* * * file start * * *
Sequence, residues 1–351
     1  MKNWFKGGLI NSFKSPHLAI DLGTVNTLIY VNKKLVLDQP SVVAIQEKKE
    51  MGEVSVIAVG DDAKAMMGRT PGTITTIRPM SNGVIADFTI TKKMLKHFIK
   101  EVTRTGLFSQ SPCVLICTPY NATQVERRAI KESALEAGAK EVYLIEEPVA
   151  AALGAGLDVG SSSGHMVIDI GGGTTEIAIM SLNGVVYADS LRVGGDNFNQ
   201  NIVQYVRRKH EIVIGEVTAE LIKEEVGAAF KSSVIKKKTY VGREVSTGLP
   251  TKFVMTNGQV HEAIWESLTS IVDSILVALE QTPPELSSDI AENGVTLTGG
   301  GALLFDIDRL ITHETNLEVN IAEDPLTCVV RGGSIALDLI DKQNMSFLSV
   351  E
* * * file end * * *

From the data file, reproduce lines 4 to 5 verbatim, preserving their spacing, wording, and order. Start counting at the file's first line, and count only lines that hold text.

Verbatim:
   101  EVTRTGLFSQ SPCVLICTPY NATQVERRAI KESALEAGAK EVYLIEEPVA
   151  AALGAGLDVG SSSGHMVIDI GGGTTEIAIM SLNGVVYADS LRVGGDNFNQ